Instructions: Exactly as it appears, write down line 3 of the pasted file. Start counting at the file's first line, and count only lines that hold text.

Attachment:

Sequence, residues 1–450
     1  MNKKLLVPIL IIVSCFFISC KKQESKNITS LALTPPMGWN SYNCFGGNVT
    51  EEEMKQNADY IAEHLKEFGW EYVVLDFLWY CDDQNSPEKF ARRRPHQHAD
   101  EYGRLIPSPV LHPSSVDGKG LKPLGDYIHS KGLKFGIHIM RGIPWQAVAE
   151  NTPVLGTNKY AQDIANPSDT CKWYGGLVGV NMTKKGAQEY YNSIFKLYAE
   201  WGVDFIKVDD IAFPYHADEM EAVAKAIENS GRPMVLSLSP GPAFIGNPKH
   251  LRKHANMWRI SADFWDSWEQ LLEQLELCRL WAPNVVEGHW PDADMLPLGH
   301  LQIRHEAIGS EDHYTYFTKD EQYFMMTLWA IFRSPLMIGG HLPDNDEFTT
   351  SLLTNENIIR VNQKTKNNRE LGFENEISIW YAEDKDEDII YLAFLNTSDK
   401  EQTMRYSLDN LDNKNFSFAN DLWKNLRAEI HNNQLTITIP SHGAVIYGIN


    51  EEEMKQNADY IAEHLKEFGW EYVVLDFLWY CDDQNSPEKF ARRRPHQHAD